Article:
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RE: REFLECTOR: electrical



> From: owner-reflector@awpi.com [mailto:owner-reflector@awpi.com]On
> Behalf Of Jack & Marilou
> Subject: REFLECTOR: electrical

Before you go any further, I'd strongly recommend getting and studying a
copy of the AeroElectric Connection, by Bob Nuckolls. It can be ordered from
his website at:

	http://www.aeroelectric.com

Contains tons of useful wiring info, how to's, why not's, etc., as well as
sample wiring diagrams. Also look at the electrical section in the FAA's AC
43.13-1B, available via download from the FAA.

> Is it best to use stranded wire or monofiliment wire?
>
> Are there applications for each? Rules of Thumb for each?

Stranded, always. The vibration in an aircraft will fatigue solid wire quite
quickly.

> Do I want copper core or something else?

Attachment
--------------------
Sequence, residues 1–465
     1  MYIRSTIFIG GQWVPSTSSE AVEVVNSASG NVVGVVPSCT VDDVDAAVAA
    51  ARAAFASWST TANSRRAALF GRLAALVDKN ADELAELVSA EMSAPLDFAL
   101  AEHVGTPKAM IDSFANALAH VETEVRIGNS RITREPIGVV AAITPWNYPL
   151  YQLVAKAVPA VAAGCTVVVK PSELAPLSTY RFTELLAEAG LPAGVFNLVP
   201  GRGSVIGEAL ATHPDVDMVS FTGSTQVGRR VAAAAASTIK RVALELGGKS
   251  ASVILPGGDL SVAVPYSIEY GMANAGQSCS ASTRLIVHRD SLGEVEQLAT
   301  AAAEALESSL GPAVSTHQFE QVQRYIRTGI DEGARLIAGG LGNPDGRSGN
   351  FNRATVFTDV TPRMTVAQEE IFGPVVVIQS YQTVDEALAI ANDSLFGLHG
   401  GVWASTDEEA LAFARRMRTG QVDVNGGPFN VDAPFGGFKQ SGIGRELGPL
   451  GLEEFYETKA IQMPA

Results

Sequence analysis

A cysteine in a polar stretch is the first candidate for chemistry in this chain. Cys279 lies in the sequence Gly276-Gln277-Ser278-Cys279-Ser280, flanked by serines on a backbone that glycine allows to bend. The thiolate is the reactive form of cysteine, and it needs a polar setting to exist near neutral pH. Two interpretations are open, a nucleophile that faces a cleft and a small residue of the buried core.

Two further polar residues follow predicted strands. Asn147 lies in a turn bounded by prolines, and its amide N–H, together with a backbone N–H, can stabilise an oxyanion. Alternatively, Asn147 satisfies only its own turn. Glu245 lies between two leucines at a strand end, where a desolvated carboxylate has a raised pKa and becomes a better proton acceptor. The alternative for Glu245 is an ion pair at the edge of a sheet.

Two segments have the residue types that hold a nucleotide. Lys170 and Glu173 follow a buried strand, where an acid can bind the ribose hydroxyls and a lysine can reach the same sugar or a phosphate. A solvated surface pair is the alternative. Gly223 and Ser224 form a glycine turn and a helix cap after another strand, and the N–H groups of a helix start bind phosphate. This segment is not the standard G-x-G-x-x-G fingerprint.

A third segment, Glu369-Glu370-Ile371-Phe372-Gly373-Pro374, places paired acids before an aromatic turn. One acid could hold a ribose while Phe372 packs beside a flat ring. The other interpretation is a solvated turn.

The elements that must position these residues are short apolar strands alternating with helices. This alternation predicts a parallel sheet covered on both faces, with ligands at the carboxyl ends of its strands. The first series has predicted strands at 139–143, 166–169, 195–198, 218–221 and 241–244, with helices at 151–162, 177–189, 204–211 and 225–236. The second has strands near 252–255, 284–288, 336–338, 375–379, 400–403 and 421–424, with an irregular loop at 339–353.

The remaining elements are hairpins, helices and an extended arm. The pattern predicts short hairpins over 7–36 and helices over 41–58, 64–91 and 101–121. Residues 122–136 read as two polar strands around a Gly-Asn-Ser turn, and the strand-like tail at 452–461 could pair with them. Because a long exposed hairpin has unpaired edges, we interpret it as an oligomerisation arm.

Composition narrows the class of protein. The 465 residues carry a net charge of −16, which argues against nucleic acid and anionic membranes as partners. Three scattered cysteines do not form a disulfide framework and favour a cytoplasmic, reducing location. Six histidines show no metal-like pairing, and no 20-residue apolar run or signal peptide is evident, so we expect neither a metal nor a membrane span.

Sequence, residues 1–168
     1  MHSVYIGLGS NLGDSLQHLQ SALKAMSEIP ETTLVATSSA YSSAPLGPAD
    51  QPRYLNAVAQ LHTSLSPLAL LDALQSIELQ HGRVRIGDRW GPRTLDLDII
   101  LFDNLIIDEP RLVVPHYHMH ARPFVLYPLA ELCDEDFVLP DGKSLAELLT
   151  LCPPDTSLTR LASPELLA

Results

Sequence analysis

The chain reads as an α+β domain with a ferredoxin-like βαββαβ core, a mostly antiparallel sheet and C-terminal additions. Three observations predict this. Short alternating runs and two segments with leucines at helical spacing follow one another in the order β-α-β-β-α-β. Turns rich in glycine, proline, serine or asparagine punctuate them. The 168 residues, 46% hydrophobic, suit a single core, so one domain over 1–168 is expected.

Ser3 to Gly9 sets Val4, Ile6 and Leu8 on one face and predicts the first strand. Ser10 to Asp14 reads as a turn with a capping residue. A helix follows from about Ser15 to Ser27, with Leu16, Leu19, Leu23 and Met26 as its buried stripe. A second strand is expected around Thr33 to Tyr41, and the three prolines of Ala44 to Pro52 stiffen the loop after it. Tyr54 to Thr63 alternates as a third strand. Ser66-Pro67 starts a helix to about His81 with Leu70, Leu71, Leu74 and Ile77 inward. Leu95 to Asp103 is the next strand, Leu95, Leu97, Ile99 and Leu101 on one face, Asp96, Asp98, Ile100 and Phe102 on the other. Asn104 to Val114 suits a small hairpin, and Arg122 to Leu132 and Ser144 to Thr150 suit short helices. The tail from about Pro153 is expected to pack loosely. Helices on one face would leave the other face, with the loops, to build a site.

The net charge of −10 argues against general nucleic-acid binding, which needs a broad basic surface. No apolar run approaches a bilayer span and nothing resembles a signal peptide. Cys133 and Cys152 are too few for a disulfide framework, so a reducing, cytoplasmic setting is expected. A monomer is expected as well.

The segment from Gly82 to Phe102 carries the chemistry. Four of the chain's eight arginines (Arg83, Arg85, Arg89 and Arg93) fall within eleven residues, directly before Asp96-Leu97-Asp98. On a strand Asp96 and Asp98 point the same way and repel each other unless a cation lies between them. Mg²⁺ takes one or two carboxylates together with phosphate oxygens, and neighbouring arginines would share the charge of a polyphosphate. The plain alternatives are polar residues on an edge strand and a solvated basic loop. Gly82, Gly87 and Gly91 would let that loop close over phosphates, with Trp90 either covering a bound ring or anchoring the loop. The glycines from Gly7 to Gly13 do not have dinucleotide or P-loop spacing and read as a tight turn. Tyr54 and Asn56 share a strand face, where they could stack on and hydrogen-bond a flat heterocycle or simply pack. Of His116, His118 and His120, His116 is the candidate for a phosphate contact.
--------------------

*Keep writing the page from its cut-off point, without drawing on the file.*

Tin-plated copper only.

> Is Radio Slack : ) wiring as good as any?

Absolutely not. Almost nothing from Radio Shack is acceptable in an
aircraft. Some exceptions are standard electronic parts if you're building
circuitry.

> Do I want a certain type of insulator sleeving on the wire?

Yes, use Tefzel insulated wire, MIL-W-22759/16 or MIL-C-27500. Available
from Aircraft Spruce, Wicks, Chief, etc. The insulation is very tough, and
the embedded Teflon makes it go though tight places easier. Many people have
used everything from house wiring on up, but this is one area you want to as
conservative and safe as possible.

> Are connectors from Radio Slack OK or is there an "aircraft grade" type
> of connector?

The best ones you can get are the AMP PIDG series. They have an aluminum
grip (instead of just plastic) over the insulation as well as the conductor.
Available in all gauges, insulated or not, ring tongue, spade, faston, and
other flavors.

> Should I solder the connectors as well as crimp or is this generally not
> necessary?

A good crimped connection should never be soldered. The solder often flows
back up the wire, causing a fatigue failure point outside of the crimp. All
good connectors use a double crimp, one for the conductor, a second for the
insulation. However, some of the pin-type (Molex) connectors need the wire
soldered, since the affordable crimp tools don't work that well.

Spend a little money and get a good, ratcheting crimp tool for the
connectors.

 - Chuck